Has your world been turned upside down by someone hacking into your email account – and your personal life? Mine has. And it was downright scary – especially when they are using that sensitive portal to infect your whole computer! The best lessons are hard won and I have certainly learned a few. Here are some helpful tips from social media gal to you.
Email hackers want your information and your contacts – for their own financial gain. As with Facebook, trust your intuition. If you see an email in your inbox that looks shady, then it definitely is – and delete it tout de suite! One of the easiest ways for a hacker to infect your computer, and access all your contacts and information, is through your email account. Once you open up that email – voila! – the virus is in your system. And those little rascals are very hard to get out. A few years ago, I opened up an email that was from somebody I did not know. I was suspicious but it looked legit. My brand new laptop was infected within minutes! All the icons on my desktop changed to one symbol and froze up. I could not open up the internet or anything. After I stopped shaking, I did a full system scan and a complete System Recovery to a time before the rogue email popped up. Miraculously, this worked, but prevention is always the best strategy.
I learned to trust my intuition. My suspicion was warranted with that renegade email and next time, I will listen to my gut and delete, delete, delete!
We all know that as antibiotics get more sophisticated, so do the pathogens. It is the same with computers. As people get smarter, so do the hackers. Hackers are using more and more subtle and clever ways of weaseling into email accounts. A few weeks ago, I started to get those dreaded “Mailer-Daemon” email failure notices about a wrong email address where I had sent an email. But these irritating messages just kept on coming, long after I fixed my error. I was getting “failure messages” in bunches up to three times a day. I did some research and found out that this is a new way for hackers to do their damage: After a legitimate “Mailer-Daemon” notice is sent, the villains weasel into that notice, copy it and send out lots more invalid ones. If the fake ones are opened, the virus enters and has a party in your operating system. So, I deleted all of the extra no-good emails, contacted Google about those imposters, and my computer was fine. Again, the delete key is your best friend! Too many failure messages? Blow them all away with the tap of a key.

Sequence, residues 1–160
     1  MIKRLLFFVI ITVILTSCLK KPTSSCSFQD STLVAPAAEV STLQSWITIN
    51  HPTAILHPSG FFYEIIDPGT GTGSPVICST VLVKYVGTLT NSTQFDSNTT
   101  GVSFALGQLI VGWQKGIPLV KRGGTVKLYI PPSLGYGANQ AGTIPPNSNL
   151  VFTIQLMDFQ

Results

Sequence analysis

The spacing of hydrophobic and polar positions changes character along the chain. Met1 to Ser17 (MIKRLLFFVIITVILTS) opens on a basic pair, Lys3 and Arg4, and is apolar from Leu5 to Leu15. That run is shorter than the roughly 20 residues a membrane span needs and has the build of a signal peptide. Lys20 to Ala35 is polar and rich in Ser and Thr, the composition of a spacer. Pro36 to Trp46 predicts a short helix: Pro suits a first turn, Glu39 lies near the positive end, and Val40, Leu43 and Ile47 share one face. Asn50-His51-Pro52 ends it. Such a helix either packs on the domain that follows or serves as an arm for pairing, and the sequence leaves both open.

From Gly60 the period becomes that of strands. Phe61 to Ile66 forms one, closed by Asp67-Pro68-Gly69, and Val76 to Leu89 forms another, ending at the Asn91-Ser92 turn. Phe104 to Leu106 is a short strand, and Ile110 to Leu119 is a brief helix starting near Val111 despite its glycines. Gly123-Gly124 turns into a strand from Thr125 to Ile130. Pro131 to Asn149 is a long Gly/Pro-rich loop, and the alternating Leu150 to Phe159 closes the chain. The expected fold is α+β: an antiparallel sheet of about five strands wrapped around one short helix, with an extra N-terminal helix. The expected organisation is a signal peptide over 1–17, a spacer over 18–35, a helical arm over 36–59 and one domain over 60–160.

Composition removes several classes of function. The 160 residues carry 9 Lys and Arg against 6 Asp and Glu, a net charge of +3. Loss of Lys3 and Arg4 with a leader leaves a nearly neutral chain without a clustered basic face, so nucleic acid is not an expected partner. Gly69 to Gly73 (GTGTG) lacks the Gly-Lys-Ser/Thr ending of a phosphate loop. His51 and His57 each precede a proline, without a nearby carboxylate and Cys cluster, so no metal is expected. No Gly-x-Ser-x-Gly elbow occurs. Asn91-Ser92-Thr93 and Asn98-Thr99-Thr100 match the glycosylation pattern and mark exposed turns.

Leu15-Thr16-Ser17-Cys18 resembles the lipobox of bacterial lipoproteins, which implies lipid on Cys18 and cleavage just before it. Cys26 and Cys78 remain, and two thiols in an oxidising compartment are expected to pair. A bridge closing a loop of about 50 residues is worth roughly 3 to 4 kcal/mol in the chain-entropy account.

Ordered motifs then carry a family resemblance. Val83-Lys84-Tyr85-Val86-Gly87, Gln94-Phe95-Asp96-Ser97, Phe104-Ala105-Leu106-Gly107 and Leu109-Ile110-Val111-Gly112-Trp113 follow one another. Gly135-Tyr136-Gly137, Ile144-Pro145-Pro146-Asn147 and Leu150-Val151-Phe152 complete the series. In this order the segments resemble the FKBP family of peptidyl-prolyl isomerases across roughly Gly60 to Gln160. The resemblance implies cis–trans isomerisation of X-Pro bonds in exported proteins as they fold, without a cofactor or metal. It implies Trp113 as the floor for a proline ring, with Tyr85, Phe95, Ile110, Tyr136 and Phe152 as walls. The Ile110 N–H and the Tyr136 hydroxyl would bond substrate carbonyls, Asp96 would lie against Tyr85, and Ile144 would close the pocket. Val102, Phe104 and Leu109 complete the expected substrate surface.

It is a cyber-chess game. My helpful hint is this: Always stay at least five steps ahead of the hackers. Anticipate their best moves and “head them off at the pass.” Always be hyper-aware and hyper-vigilant on the web. With email, do some research on the latest infection strategies and watch out for them. Anything that looks weird, like too many “email failure” notices, means danger. Do not open them up at any cost.
With social media engines like Facebook and Twitter, being very careful is the catchword for pleasant surfing and posting. For example, it is essential to use Facebook’s security features: You can make your account accessible to only a few people. But even with these tools, nothing is ever totally secure. Never say anything on Facebook or Twitter that can be used against you! For instance, employers regularly check the Facebook accounts of prospective employees. Recently, I found out that having good supportive friends on Facebook was a definite advantage. When someone was posting negative things about me on their account, my wonderful buddies notified me immediately and I was able to deal with it.
To conclude, the best offense is always the best defense. Back up your computer by putting all of your files, photos and documents on a USB device or another hard drive – just in case the worst happens. Learn how to do a “System Recovery” and a computer scan because sometimes it is important to fix an infection fast. Always install a very effective Ant-Virus and Anti-Spyware program on your computer.
When you are satisfied that you are protected, remember to have fun! Isn’t that what the Web is all about? Please reply with any feedback to our blog or further suggestions on how to keep safe and warm when surfing the waters of cyberspace.
By Doreen Marion Gee